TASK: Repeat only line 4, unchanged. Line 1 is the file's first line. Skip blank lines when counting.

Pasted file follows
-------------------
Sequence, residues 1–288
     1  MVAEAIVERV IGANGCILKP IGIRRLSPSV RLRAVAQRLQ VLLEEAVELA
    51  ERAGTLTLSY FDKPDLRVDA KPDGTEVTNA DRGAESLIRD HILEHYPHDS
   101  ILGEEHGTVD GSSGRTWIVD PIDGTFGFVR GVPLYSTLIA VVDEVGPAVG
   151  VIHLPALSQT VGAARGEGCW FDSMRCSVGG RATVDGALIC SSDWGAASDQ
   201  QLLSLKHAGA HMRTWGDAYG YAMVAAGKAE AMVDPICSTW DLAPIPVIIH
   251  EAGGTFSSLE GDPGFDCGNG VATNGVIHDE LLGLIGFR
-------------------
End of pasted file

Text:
   101  ILGEEHGTVD GSSGRTWIVD PIDGTFGFVR GVPLYSTLIA VVDEVGPAVG